The average number of breaches suffered by each organization was 2.47 over the past year, while 11 percent of respondents said their organizations had been breached between 5 to 10 times.
Some 80 percent of respondents agreed that they need to view security differently than they did in the past due to an expanded attack surface prompted by the pandemic.
* Among the viruses causing the biggest havoc are Stuxnet, NotPetya and Lockergoga.
* Perpetrators include Unit 74455 of Russia’s GRU military intelligence, North Korea’s Bureau 39, Iran’s Cyber Army.
Responding to this growing threat, the Kingdom has positioned itself at the global forefront of cyber defense. The Shamoon incident of 2012 was a wake-up call, leading the Saudi government to focus and mobilize resources for the creation of an entire cybersecurity ecosystem to confront both local and foreign adversaries.
This is a key element of Vision 2030. The National Cybersecurity Authority (NCA) was established by a royal decree in October 2017 and is mandated with implementing the National Information Security Strategy — formalizing a Kingdom-wide framework for cybersecurity, risk mitigation, and resilience via governance policies, standards, cyber-defense operations, and development of human capital and local industry capabilities.
The NCA’s stated mission is to “work closely with public and private entities to improve the cybersecurity posture of the country in order to safeguard its vital interests, national security, critical infrastructures, high-priority sectors, and government services and activities in alignment with Vision 2030.”
That sounds like a tall order, but the Kingdom is already a leader in terms of cyber vigilance, with a formidable knowledge base. Indeed, in 2020, the World Competitiveness Center ranked Saudi Arabia as second globally in “the field of continuous improvement of corporate cybersecurity.”
Speaking to Arab News, Haider Pasha, chief technology officer at Symantec Middle East, said: “You need to really understand where your sensitive data is, where the assets are, and have a robust strategy or framework that you can abide by. I see that happening more and more in Saudi Arabia.”
Every country is facing the threat of cybercrime, but the Kingdom is at the front line of this battle given its rapid pace of transformation and already advanced IT and AI infrastructure. Saudi government ministries are designing proprietary cybersecurity programs as opposed to merely installing products and fixes.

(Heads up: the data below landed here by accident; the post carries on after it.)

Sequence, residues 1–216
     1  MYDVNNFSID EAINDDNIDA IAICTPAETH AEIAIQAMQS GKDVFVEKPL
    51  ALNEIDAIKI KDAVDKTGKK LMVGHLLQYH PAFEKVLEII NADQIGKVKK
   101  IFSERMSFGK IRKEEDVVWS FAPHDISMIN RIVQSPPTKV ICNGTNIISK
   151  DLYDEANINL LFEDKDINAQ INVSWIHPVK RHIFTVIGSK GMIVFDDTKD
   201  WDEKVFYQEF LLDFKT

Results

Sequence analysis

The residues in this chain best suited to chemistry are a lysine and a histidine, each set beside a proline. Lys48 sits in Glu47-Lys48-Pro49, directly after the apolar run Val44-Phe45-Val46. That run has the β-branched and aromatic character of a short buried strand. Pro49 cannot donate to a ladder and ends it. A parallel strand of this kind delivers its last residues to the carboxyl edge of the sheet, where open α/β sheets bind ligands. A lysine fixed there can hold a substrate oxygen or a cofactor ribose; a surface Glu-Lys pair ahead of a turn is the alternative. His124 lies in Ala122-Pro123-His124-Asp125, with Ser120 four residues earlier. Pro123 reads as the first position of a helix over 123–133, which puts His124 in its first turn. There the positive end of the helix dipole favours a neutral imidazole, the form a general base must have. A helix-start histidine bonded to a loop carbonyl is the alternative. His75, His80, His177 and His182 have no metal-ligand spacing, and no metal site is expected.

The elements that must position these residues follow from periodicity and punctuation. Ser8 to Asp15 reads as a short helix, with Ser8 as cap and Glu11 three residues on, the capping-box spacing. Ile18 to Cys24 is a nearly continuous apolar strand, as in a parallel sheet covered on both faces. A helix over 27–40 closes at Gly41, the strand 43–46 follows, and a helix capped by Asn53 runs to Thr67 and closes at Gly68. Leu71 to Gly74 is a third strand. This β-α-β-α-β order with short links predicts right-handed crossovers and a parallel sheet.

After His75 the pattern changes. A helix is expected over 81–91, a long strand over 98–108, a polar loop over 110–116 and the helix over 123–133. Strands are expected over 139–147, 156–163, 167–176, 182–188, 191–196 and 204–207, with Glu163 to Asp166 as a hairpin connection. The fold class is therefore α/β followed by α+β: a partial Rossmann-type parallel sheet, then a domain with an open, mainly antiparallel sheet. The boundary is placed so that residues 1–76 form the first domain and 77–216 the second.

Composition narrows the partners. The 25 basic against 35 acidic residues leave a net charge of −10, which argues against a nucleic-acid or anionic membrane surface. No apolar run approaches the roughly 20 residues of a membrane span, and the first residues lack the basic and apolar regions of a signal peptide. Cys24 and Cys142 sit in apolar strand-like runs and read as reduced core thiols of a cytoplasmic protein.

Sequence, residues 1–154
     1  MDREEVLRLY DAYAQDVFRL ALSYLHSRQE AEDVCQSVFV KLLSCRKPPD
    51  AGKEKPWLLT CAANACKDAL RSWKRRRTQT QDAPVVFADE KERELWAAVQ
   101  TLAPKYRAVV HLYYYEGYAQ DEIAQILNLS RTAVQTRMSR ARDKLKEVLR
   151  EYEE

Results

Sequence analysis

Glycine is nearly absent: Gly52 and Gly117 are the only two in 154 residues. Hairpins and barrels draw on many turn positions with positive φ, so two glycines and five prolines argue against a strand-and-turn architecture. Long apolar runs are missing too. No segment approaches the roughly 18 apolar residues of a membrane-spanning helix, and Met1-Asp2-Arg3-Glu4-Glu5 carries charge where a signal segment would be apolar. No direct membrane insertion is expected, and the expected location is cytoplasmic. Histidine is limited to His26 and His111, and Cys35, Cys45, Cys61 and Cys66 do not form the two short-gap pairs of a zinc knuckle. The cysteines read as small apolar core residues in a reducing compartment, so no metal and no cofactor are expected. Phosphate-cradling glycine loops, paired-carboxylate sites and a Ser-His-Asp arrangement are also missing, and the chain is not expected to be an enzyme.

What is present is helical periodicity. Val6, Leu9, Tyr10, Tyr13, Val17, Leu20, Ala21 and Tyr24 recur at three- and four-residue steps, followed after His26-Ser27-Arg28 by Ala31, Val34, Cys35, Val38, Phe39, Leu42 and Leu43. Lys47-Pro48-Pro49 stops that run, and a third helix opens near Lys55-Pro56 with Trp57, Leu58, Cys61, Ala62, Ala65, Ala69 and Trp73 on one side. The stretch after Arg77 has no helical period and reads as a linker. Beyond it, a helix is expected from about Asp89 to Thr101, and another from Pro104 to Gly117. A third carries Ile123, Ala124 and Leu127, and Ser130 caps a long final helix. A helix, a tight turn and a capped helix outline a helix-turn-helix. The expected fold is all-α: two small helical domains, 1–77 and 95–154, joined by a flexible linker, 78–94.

An example of this combination of transformation and high-tech is the Kingdom’s push toward “smart cities” — in which citizens have online access to most, if not all, private and public services, and can easily interact with various government agencies.
Riyadh is one such place, while NEOM, the $500 billion development in the northwest of the Kingdom, is emerging as the first large-scale urban project to be designed and built from the ground up in the era of artificial intelligence.
NEOM, slated as a Belgium-sized cluster of smart urban spaces, can leapfrog older cities by using cutting-edge and integrated technologies, specifically in the realm of cyberspace.
“New smart megacities, such as NEOM, have the advantage of no legacy systems,” Mike Loginov, NEOM’s chief information security officer, told Arab News. “When you start from scratch, you can build in security functionality from the very beginning in every element that you need.”
Cyber resilience is critical to the ambitions of NEOM and other developments, whose expected dependence on AI, e-commerce, IoT and blockchain technology means that the Internet will remain a battleground in which national authorities must constantly enhance the defense of their populations from an evermore sophisticated criminal underworld.
Fortunately, the decision-makers of Saudi Arabia are doing just that.